'Big focus for us': Wallabies coach reveals the key to bouncing back against the All Blacks
The Wallabies are determined to notch at least one win in this year’s Bledisloe Cup series, which concludes at Suncorp Stadium in Brisbane on Saturday.
Not just because they are yet to taste success in their first three tests against the All Blacks in Wellington, Auckland and Sydney, but also because veteran prop James Slipper is set to run out for his 100th test appearance in a Wallabies jersey.
That, according to Wallabies assistant coach Matt Taylor, provides plenty of motivation for an Australian side that is looking to show vast improvements after being handed a record 43-5 defeat by New Zealand at ANZ Stadium last week.
“It’s a massive achievement for James,” Taylor, who coached Slipper during the pair’s stint at the Queensland Reds, said on Saturday as the Wallabies prepared to depart for Brisbane hours before kick-off.
“He’s been a great Wallaby for a number of years and it’s really fitting that he’s playing his 100th test at Suncorp Stadium.
“I know his family’s going to be there. It’s a great occasion. I know the boys are really excited to be part of this day, and we’re all driven to do well for the occasion today.”
While the mood in the Wallabies camp appears to be buoyant and filled with motivation, it’s how they perform on the field in the Queensland capital that will determine how Slipper and his teammates celebrate his milestone.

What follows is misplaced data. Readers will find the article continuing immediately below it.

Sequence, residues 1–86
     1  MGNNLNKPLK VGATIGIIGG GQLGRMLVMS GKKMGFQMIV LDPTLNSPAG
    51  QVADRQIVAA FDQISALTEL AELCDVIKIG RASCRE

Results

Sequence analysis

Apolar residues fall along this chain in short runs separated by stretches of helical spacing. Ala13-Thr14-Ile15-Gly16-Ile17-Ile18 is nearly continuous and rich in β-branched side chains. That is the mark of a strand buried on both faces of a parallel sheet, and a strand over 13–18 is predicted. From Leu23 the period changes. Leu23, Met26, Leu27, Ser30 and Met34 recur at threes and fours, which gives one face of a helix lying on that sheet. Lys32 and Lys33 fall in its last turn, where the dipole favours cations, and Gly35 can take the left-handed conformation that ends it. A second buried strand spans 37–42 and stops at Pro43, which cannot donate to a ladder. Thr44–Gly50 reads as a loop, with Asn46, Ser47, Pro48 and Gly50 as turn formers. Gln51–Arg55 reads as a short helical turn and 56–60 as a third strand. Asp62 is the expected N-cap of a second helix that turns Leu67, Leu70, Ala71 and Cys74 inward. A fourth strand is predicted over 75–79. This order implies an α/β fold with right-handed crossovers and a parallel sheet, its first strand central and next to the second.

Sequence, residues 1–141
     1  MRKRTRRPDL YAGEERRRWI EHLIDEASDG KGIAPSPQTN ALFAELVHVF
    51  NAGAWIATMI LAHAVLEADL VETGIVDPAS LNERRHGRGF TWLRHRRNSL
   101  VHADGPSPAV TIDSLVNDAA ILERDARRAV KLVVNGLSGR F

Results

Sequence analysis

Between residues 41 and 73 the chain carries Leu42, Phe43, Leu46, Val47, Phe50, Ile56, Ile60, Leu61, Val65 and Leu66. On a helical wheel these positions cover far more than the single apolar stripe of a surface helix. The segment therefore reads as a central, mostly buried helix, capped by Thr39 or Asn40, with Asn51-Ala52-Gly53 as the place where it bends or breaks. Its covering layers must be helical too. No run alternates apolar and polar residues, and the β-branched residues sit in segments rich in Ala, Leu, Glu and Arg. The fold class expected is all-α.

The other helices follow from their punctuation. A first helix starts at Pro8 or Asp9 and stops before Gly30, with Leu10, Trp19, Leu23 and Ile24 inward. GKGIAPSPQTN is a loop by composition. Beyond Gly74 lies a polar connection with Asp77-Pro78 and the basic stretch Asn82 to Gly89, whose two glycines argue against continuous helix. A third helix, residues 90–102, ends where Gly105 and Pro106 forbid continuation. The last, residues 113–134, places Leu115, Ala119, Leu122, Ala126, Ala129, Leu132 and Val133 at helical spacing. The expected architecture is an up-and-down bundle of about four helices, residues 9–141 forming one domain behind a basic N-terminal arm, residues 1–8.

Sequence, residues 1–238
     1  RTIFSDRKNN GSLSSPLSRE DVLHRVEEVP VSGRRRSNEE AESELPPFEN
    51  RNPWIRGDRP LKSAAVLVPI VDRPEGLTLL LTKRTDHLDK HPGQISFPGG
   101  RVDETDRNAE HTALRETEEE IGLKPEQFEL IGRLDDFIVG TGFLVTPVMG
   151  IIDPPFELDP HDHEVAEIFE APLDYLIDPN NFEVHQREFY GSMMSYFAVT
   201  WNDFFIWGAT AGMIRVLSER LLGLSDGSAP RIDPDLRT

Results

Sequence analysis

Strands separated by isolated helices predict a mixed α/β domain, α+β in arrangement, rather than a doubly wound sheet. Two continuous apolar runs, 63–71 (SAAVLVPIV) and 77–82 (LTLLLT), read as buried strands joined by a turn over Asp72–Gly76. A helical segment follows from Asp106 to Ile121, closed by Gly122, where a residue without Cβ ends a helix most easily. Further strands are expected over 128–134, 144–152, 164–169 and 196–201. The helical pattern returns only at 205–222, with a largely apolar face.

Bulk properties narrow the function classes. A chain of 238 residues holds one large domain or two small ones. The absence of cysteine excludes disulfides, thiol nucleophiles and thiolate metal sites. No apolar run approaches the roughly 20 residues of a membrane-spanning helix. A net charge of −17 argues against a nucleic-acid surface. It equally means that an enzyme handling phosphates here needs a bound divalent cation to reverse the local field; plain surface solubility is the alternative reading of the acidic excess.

Much work needed to be done over the the week gone by in the wake of the Sydney shambles, which followed a 27-7 defeat at Eden Park and a 16-all draw at Sky Stadium, if the Wallabies are to even challenge an overhauled All Blacks side this weekend.
If Taylor’s comments are anything to go by, though, it seems that work has been addressed by the Wallabies, with a specific focus on one aspect of the game deemed particularly important by the former Scotland assistant coach.
“We’ve worked on a lot of things, but I think the key thing that we really want to do is put a bit of pressure on the All Blacks,” Taylor said.
“I think last week we didn’t manage to build many phases together. We probably turned over possession too often, and they’re a very good team on that unstructured attack, so I think that’s been the big focus for us.”
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Working in Australia’s favour is their admirable winning record at Suncorp Stadium, a venue they have attained a win rate of nearly 75 percent since 1965.
Preparation for this test has been surrounded by an element of uncertainty, however, given that both the Wallabies and All Blacks will travel in and out of Brisbane from their New South Wales bases on the same day of the match.
Although Taylor himself hasn’t experienced such a scenario in his coaching career, he believes his squad are well-equipped for the unusual travel demands thrust upon them by COVID-19.
“I haven’t done it before but a lot of the Super [Rugby] teams have done it, so we’ve kind of got a map planned out so the boys get up there, we do certain things, we ensure that they’re pretty focused and we have a gradual build-up,” he said.
“We fly into Brisbane and go straight to the stadium, but the guys have done that a lot during the Super season.”
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